Highlight: Hurricane Early heading northeastward. Excessive rain/flash flooding California/Arizona/Nevada and the Southeast to Mid-Atlantic U.S.
Fig. 1: Morning satellite view of the North Atlantic basin.
Discussion: Hurricane Earl is forecast to continue a northeastward drift the next 2-3 days slowly becoming a post-tropical storm over cooler waters. However, the trek into cooler waters does not prevent this storm from further intensification. ECM indicates a 938 MB storm well southeast of Nova Scotia tomorrow. Earl becomes an extratropical storm early next week and will eventually turn northward and accelerate. Tropical Disturbance 95L is not forecast to become a tropical storm arcing northwestward this weekend to east-northeastward toward the Azores early next week. A potential tropical disturbance in the outer tropical North Atlantic is weakening. In the southeast Gulf of Mexico to just-east of Belize a large mass of thunderstorms is unlikely to organize due to upper shear. However, some of that moisture extends northward to soak Florida over the weekend. ECM indicates another “fish storm” in the outer North Atlantic tropics next week. ALL CLEAR for the western North Atlantic basin.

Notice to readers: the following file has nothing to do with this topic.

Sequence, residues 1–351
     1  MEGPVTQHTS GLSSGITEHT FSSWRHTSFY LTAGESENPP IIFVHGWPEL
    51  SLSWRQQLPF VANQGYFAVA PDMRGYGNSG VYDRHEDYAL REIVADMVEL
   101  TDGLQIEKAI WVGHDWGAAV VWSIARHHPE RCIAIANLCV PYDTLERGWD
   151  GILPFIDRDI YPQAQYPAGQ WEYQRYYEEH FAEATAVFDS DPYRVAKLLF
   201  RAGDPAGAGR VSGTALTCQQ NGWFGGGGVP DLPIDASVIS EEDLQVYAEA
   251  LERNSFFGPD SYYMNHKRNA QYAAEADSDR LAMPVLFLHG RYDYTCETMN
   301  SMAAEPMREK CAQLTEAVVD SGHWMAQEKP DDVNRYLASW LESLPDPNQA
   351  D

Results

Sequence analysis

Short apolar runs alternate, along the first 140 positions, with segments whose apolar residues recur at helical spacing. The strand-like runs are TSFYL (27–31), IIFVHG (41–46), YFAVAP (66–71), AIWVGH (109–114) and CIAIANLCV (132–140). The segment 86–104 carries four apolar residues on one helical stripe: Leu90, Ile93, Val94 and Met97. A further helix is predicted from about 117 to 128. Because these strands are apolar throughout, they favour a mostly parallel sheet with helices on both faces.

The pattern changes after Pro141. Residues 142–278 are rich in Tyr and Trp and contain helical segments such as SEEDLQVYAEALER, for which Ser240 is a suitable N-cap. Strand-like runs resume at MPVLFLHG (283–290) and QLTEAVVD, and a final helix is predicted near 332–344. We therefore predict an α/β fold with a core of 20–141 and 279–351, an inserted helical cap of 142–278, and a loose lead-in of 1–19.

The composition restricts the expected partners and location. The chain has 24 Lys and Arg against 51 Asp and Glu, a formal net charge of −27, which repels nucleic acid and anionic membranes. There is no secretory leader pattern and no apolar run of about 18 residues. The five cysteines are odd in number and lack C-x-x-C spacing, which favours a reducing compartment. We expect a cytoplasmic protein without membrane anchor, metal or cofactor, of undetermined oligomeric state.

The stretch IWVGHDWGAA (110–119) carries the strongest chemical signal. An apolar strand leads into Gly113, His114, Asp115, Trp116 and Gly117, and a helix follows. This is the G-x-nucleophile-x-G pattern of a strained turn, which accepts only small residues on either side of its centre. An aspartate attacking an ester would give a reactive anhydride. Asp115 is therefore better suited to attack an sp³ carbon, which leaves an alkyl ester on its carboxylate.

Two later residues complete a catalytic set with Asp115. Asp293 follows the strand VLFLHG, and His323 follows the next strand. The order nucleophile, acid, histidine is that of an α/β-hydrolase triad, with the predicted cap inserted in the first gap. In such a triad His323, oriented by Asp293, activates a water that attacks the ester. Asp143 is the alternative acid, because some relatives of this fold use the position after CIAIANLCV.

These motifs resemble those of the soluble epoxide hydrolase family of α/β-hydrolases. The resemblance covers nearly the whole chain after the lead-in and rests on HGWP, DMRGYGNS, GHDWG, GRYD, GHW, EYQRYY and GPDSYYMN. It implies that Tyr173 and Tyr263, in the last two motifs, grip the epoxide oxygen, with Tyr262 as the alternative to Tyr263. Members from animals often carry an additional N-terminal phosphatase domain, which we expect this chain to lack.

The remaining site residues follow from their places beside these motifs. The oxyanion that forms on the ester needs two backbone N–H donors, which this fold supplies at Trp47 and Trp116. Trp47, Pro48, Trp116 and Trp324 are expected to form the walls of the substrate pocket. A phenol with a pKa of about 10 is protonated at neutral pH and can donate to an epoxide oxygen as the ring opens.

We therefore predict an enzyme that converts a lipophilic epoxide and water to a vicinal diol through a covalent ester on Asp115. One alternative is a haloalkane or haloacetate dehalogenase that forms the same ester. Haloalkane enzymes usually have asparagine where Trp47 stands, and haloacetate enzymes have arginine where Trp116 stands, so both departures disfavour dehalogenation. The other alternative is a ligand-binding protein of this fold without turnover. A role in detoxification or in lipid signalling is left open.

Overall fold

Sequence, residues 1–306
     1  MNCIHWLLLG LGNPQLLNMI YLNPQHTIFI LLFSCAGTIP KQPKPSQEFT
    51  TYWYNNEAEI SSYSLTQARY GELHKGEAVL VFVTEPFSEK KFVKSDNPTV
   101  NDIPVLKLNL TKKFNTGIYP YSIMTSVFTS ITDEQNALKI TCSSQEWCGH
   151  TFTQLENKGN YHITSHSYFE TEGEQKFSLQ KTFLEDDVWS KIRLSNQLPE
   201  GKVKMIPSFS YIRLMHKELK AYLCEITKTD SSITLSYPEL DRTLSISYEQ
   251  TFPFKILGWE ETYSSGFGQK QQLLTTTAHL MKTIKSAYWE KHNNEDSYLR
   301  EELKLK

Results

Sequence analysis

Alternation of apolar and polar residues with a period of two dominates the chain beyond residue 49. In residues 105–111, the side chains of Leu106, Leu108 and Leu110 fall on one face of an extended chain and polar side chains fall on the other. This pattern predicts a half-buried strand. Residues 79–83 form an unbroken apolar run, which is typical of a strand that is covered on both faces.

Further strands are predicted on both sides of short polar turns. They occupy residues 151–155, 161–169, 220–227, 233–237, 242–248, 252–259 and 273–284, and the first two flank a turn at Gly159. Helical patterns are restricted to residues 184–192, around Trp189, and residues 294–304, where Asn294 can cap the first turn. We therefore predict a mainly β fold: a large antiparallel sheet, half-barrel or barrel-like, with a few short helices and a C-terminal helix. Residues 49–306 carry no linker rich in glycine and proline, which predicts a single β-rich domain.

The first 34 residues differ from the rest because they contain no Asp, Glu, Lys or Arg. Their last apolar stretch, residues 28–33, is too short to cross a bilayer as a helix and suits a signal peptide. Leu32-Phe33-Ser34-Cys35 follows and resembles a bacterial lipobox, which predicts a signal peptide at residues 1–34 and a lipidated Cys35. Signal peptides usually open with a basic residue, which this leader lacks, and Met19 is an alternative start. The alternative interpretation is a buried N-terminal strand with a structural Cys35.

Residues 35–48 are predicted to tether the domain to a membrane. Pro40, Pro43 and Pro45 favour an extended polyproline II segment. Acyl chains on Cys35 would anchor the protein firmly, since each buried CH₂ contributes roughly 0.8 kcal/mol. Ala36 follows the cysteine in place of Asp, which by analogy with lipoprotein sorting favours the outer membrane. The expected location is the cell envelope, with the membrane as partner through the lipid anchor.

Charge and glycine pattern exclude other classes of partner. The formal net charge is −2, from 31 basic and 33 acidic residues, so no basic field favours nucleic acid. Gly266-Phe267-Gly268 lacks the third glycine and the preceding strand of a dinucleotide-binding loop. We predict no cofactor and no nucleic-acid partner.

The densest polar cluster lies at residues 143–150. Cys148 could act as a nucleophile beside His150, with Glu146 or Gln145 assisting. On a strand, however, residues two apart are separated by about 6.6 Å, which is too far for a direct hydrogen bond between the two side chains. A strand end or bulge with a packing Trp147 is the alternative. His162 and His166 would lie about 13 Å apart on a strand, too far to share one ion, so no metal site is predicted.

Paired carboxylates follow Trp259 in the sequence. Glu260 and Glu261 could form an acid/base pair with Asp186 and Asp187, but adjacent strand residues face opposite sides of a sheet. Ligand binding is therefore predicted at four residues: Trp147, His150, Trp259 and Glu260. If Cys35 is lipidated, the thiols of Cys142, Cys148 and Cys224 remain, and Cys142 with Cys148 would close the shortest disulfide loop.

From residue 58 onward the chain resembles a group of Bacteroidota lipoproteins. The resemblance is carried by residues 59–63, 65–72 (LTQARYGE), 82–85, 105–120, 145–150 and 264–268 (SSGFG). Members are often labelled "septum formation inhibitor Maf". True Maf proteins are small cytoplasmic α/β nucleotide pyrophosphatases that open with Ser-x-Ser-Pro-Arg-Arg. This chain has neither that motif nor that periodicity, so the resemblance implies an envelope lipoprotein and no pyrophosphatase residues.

Weakening Tropical Storm Kay will unload heavy rain and high wind across Southern California today. Risk of blackouts due to the recent heat wave were largely avoided thanks to in-part customer consumption. However, power outages due to high wind caused by the interaction between high terrain and the circulation around “Kay” propels damaging wind today for Southern California and possibly southwest Arizona. NOAA/WPC indicates extreme rain and flash flooding across Southern California today (Fig. 2) expanding to the southern 40% of California tomorrow (Fig. 3). Flash flooding from heavy rain is also likely for Southern Nevada and Arizona the next 2 days. On Sunday, residual moisture leads to more pop-up heavy rains in California (Fig. 4). Also note the evolving rainstorm across the Southeast today shifting to the Mid-Atlantic States this weekend.
Fig. 2-4: NOAA/WPC excessive rainfall/flash flood areas through the weekend.